At 260 sq KM Lake Mburo National park is small in comparison with the many other east African parks, but its mosaic of habitats – dry hillsides, rocky outcrops, busy thickets, open and wooded savannas, forests, lakes and swamps – are home to a surprising diversity of plants and animals.
At the centre of the park is Lake Mburo, which together with 14 other lakes in the area forms part of the wetland system. This system is linked by the swamp some 50kms long, fed by the Ruizi River on the western side. Five lakes, of which the largest is Lake Mburo, occur within the park’s boundary.
Lake Mburo harbours several species of mammals and birds which are found nowhere else in the country. Mammals – Zebra, Sitatunga, Roan antelope, bush rat, black-backed jackal, leopard, spotted hyena and Eland. Birds – Shoebill, papyrus yellow warbler, African finfoot, great snipe, Red faced Barbet, Tabora and Trilling Cisticola, Brown chested plover, Great blue eared starling, Brown Parrot, Brubru, Scimitabill and Wood hoopoes.
The Salt lick offers a great opportunity to see at least 4 different species of animals at any one time while they lick the salty soil. The observation point is strategically located in such a way that observation can be done without distracting the animals from their guide.
En-suite cottages designed with an African outlook, a dining and bar area overlooking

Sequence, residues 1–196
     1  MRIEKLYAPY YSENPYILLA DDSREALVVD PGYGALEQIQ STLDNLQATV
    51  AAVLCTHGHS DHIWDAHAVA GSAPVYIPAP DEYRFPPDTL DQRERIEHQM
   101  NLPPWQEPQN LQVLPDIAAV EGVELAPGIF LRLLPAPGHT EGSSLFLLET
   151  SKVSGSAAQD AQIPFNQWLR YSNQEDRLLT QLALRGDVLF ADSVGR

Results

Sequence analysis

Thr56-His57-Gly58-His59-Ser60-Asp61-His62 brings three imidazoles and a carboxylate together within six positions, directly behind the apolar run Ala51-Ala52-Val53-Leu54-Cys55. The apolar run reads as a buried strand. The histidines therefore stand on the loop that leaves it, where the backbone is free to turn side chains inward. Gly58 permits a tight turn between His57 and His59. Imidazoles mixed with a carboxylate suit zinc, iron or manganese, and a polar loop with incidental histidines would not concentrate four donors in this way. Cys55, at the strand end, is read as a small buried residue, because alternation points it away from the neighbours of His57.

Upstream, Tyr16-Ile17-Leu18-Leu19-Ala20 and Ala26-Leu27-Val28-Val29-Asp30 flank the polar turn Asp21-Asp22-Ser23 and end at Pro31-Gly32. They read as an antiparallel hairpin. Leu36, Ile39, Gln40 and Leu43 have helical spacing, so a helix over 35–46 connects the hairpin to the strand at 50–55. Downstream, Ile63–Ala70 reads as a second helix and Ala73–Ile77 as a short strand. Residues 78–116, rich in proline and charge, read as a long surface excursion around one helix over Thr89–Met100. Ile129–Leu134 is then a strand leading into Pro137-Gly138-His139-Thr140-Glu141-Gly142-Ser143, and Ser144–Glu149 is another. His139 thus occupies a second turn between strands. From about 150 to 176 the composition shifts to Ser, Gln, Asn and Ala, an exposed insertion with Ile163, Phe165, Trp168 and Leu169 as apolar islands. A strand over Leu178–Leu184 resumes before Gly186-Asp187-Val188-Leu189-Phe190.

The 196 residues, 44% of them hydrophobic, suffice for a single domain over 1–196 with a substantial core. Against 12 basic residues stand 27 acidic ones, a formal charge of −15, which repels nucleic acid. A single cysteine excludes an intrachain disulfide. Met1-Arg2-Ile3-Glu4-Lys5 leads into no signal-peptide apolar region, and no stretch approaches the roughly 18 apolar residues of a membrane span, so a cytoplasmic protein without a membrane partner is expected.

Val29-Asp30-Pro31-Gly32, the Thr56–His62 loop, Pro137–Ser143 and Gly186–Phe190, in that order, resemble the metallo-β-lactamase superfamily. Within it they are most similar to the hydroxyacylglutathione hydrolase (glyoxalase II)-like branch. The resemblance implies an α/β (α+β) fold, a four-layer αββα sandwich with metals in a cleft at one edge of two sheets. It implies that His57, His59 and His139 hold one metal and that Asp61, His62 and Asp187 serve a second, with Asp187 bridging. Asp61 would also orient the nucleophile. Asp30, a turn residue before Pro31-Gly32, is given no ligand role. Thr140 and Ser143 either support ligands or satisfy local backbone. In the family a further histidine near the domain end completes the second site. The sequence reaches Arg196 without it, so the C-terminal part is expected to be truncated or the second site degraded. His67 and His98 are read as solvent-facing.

Lake Mburo, serving both local & international food.
Mantana Tented Camp
Located just outside the National park, individual tents with en suite facilities which are eco friendly , a central dining area under canvas with the bar facilities.
Mihingo Lodge is a peaceful and exclusive retreat adjacent to Lake Mburo National Park. It features ten rooms which are built on wooden platforms with stilts, covered by a thatched roof. Suspended under the thatched roof is a spacious and comfortable tent equipped with en-suite bathrooms with stunning views, including hot and cold running water, showers, and flush loos. The main dining area is a large thatched structure built of rocks, the wood of dead weathered olive trees found on the land, and native grasses. Below the dining area, an infinity swimming pool stretches out from the rocks and seems to disappear into the vast landscape beyond.
These include 6 tents at the Rwonyo park headquarters and three public camp sites, all strategically located to facilitate and enhance scenic viewing and easy access to the to water. The Lakeside Restaurant located by 1km from Rwonyo provides meals on order.